Guy had trouble with the concept that a woman could have a change of heart after thirty years of not giving a damn about a person. He didn’t believe people changed, he thought that as years went by they became more of what they had always been. In this case, once a bad mother, eventually a really bad mother.

Jilly pulled her aging VW Beetle into the forecourt at Homer Devol’s gas station—the last gas station on the way out of the town of Toussaint, and first on the way in, depending on if you were going or coming and which side of the sign you looked at.

Homer usually went to pick his granddaughter up from school in the afternoon, leaving Guy to tend the gas station and the convenience store beyond, where a string of colored lights outlined the roof. The lights stayed on all day and into the evening, all year.

Pots of showy geraniums hung beneath the eaves with ivy trailing to the ground.

Jilly looked around. Nothing on two legs moved. With her head out of the window she called, "Homer! Guy!" then she screwed up her eyes and listened. No response. She looked quickly toward the road. All day she’d had a sick sensation that she was being followed, watched. Last night she had got a warning, even if it wasn’t direct, that someone was watching her movements. Who better to advise her than Guy, a New Orleans Police Department homicide detective on extended leave?

Way to the left, closer to the bayou, Homer’s split timber house stood on stilts with its gallery facing the bayou across the sloping back lawn.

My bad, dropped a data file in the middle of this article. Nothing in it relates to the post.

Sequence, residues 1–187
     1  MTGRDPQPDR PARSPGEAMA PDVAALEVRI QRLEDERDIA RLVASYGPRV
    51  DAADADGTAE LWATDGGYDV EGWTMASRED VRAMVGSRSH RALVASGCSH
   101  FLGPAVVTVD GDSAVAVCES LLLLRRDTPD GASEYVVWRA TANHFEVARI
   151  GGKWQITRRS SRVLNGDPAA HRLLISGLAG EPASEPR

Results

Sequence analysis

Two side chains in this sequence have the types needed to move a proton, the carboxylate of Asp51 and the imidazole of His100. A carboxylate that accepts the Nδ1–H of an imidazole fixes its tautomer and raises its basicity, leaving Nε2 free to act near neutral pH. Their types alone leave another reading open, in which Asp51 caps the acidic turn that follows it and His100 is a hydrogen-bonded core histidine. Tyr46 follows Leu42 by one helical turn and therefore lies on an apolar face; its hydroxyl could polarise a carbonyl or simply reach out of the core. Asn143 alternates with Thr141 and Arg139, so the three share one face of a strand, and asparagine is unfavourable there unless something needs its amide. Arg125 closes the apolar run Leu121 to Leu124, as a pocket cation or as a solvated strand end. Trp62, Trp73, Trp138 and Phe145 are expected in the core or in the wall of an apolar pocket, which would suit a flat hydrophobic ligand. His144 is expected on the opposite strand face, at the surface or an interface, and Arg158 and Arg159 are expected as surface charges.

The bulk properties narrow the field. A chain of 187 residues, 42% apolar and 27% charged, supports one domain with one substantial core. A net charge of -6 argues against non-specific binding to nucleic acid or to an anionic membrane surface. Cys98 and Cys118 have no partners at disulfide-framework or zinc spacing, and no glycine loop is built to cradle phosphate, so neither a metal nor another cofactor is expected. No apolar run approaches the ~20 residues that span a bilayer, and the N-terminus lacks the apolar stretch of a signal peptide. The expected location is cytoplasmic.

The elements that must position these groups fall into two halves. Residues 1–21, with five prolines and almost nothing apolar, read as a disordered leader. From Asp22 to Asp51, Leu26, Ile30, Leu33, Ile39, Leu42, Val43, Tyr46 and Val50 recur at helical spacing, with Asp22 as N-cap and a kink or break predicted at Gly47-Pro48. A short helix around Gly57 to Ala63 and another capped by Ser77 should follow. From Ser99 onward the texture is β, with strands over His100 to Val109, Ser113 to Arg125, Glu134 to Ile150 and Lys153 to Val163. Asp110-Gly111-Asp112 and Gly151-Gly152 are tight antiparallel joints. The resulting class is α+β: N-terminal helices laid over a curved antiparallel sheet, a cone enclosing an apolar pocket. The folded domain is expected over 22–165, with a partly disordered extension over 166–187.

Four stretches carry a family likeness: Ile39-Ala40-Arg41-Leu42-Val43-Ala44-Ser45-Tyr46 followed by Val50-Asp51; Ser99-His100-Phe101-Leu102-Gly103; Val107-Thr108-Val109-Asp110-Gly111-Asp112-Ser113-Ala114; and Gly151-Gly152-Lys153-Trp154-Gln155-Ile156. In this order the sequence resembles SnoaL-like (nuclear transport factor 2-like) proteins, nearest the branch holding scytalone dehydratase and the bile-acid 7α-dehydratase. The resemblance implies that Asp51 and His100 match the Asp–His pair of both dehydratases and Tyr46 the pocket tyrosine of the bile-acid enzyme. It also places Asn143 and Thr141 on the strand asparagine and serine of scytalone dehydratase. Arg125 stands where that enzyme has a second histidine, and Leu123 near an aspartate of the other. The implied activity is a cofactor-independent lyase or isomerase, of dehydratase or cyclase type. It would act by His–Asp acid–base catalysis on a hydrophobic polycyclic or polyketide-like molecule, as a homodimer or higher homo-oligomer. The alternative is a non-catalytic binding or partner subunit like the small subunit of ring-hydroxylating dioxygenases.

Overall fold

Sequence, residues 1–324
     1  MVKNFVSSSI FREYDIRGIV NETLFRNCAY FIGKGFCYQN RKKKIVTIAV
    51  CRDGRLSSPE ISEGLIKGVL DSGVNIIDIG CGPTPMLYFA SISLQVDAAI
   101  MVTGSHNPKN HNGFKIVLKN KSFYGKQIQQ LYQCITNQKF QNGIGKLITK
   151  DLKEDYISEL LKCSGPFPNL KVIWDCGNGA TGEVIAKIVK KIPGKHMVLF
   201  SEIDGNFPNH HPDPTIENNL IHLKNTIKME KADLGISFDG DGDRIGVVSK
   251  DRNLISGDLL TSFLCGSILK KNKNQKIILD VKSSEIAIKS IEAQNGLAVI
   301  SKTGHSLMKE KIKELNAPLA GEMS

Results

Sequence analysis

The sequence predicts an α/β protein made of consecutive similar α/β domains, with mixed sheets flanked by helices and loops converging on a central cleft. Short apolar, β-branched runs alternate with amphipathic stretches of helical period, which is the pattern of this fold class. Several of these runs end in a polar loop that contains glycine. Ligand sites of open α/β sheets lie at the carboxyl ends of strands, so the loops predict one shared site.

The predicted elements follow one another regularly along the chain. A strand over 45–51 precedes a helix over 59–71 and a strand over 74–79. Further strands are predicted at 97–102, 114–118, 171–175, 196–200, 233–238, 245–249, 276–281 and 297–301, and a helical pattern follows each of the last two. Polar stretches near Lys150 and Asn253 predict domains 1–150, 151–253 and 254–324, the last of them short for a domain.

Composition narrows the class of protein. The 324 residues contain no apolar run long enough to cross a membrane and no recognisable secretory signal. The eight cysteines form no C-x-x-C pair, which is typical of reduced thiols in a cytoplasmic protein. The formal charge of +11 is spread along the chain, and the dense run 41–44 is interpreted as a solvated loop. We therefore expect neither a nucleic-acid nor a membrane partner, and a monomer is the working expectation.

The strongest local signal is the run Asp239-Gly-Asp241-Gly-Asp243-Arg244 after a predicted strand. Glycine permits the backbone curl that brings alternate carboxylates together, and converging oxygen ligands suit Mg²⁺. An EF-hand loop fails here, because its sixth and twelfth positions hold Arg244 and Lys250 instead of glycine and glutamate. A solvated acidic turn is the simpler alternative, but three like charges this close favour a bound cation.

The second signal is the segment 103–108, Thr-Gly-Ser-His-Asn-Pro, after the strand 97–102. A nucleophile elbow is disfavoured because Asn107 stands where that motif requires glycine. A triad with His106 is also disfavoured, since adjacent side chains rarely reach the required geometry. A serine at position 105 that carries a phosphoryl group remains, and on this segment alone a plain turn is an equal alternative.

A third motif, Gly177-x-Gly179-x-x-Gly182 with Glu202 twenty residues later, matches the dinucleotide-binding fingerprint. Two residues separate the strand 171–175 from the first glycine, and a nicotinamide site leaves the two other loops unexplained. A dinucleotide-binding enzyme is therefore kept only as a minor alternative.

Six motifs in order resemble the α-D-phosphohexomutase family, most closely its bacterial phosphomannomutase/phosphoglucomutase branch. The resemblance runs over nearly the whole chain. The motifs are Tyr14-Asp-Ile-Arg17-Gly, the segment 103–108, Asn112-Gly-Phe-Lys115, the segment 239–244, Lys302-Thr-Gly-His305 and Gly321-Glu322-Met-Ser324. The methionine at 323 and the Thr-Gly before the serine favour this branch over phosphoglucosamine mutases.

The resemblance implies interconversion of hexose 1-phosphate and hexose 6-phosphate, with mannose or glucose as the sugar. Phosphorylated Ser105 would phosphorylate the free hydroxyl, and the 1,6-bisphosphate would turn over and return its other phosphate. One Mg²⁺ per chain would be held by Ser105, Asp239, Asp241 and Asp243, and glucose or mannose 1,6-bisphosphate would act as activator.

She got out of the lime green Beetle and went through the useless exercise of trying to take in a breath. Hot didn’t cover it. Heat eddies wavered above the burned out grass and did their shaky dance on tops of the roofs. From where she was she could see cypress trees crouching, totally still, over Bayou Teche. Beards of Spanish Moss hung from branches like they were painted there, and the pea-green surface of the bayou might have been set-up jello. Even the gators would be sleeping now.

She reached behind her seat and hauled out several bakery boxes tied together with string. If she didn’t get them inside fast, the contents would be gooey puddles. Jilly owned All Tarted Up, Flakiest Pastry In Town, one of Toussaint’s favorite gathering places. Her brother, Joe—a lawyer—had been her partner until his marriage the previous year. She’d been able to assume the loans and she loved having the business to herself.